'I am afraid that the energy price shock has made us poorer and we will be worse off,' said Mr Johnson. 'The Government can spread the pain over time and between people but in the end it is not going to be able to magic it away.'
The Chancellor will also announce that officials are in talks with 38 council and mayoral areas to set up 'investment zones'. Each zone will offer tax cuts for businesses to help them create jobs and improve productivity.
The areas will have less strict planning rules and there will be reforms to environmental regulations to make it easier to build more houses and commercial property.
Mr Kwarteng will also announce legislation to accelerate the delivery of around 100 major infrastructure projects, including transport, energy and digital schemes.
This could include scrapping rules protecting rare and endangered species. The Chancellor will also use his 'fiscal event' to set out details of how the state will fund an energy price cap announced by the Prime Minister earlier this month.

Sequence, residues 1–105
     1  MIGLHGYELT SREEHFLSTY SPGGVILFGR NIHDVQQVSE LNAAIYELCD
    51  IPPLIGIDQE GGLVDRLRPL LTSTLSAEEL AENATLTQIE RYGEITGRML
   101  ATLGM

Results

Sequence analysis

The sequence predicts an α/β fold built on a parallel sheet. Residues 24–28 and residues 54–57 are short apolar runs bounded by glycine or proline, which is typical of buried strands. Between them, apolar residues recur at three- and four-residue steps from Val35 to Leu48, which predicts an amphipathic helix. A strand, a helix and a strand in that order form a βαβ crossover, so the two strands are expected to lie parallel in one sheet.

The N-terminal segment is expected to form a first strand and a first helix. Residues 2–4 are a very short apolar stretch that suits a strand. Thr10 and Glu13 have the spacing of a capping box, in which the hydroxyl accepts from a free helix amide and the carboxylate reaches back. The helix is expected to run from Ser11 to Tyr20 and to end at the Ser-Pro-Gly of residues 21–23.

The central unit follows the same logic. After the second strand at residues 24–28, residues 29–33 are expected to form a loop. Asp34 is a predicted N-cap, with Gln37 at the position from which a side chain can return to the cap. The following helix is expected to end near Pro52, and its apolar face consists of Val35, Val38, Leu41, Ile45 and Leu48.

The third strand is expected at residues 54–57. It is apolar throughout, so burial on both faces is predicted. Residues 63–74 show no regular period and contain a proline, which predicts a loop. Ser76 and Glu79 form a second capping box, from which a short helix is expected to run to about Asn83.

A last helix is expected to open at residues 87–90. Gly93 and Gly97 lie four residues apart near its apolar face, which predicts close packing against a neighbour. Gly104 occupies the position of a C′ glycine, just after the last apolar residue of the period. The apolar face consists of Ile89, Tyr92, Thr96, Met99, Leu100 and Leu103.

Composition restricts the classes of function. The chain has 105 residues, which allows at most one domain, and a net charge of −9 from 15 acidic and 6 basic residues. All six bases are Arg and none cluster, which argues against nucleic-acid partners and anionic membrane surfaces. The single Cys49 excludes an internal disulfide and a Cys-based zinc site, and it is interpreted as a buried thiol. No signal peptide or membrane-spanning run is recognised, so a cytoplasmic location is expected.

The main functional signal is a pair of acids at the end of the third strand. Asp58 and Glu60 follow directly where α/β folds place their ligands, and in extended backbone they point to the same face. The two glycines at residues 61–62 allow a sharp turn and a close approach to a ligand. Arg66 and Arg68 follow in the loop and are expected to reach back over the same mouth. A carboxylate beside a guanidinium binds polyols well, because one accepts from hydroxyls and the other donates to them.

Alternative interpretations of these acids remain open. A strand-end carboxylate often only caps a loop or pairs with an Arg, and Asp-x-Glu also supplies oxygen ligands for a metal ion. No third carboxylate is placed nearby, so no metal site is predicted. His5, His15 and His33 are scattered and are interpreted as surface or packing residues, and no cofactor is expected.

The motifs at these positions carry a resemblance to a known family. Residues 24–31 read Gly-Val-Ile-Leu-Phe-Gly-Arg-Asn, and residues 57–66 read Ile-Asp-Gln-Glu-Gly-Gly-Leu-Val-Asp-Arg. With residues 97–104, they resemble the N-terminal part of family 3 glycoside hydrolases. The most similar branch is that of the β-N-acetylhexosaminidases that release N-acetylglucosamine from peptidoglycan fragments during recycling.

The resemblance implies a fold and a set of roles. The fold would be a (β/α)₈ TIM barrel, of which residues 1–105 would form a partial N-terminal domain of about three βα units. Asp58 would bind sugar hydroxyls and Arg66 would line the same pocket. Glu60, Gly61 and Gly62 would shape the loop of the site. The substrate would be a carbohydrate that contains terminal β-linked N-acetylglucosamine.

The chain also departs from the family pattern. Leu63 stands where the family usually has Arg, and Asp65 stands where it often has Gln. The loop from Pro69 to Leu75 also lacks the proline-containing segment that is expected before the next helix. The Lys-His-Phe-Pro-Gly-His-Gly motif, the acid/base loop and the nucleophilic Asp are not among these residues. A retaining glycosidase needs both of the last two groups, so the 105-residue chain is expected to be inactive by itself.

Downing Street insisted that Liz Truss remained committed to the 2019 Tory election manifesto, despite making a sharp break with the economic policies of Boris Johnson's administration.
She told business chiefs in New York this week that she wanted 'lower, simpler taxes in the UK to incentivise investment, to get more businesses going in the UK'.
She is said to believe that cutting stamp duty – paid when buying a property worth more than £125,000 – would drive growth by encouraging more people to move, as well as helping first-time buyers.
The PM said on Wednesday: 'We won't be raising corporation tax, as was planned. We'll be reversing the national insurance rises which took place earlier this year. And the Chancellor will be announcing various other